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Abstract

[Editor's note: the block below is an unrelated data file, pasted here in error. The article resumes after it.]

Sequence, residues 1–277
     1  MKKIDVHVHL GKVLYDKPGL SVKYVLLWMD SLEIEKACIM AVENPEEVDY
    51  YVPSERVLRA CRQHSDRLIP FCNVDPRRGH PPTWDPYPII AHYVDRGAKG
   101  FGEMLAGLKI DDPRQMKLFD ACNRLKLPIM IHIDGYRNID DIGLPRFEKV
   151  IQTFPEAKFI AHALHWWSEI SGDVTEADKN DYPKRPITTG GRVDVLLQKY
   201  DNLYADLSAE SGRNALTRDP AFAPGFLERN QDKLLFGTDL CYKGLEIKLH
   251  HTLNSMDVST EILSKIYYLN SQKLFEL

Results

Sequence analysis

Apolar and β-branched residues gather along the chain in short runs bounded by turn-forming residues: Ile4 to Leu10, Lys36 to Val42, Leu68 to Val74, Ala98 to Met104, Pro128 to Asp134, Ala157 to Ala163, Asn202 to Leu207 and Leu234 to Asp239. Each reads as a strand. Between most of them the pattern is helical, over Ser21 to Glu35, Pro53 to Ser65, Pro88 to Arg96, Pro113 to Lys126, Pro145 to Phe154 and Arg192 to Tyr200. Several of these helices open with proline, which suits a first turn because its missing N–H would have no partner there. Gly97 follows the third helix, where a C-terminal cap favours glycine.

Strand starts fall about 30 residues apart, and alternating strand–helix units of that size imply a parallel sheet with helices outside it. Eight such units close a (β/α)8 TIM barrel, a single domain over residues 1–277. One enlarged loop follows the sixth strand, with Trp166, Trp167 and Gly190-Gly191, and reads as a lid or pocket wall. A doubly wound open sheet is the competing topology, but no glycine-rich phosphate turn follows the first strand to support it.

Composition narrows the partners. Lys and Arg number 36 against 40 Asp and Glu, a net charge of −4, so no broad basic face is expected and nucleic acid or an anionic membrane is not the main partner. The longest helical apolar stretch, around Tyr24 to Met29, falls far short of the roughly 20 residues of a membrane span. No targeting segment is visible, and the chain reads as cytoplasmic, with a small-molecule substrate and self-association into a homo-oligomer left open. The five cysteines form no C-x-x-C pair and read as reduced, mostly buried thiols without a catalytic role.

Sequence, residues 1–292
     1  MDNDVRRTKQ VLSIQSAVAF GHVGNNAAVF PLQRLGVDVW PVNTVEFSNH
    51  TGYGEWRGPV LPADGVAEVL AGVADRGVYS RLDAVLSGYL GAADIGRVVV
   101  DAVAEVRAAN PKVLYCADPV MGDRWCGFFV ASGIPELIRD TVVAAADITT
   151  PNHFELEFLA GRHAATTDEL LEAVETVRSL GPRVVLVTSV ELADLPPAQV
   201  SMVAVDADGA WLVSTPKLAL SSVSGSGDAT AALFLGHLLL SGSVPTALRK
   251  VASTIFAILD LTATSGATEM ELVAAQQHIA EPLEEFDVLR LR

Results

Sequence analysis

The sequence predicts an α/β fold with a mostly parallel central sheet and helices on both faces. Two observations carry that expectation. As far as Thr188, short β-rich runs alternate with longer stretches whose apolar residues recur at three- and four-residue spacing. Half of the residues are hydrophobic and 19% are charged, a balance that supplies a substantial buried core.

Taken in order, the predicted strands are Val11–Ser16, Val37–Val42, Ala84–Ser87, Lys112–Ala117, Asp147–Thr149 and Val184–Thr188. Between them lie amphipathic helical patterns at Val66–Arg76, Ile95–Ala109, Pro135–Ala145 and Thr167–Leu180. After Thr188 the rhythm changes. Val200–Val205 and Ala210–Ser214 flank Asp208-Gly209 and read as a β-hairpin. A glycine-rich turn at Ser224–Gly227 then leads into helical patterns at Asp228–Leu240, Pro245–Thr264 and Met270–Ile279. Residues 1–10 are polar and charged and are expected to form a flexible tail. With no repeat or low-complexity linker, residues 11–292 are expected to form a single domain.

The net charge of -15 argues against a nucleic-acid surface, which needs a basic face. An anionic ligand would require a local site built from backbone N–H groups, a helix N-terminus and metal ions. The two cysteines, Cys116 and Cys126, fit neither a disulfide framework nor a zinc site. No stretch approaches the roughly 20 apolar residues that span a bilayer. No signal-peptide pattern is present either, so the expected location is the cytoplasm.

In the fifty years since its enactment, Aid to Families with Dependent Children (AFDC) has become increasingly difficult to administer efficiently and equitably. Most recently, this increasing complexity is illustrated by eligibility determinations for divorced families having joint custody of the children. A recent national survey of state agencies administering AFDC programs reveals a diversity of approaches in determining eligibility under the continued absence requirement for joint custody situations. As illustrated by these joint custody cases, the meaningfulness as well as the usefulness of the continued absence requirement for AFDC eligibility has become increasingly questionable in terms of responding to the welfare of financially needy children. Additionally, the continued absence requirement appears to negate the potential advantages of joint custody for poor families by precluding financial assistance from the AFDC program.

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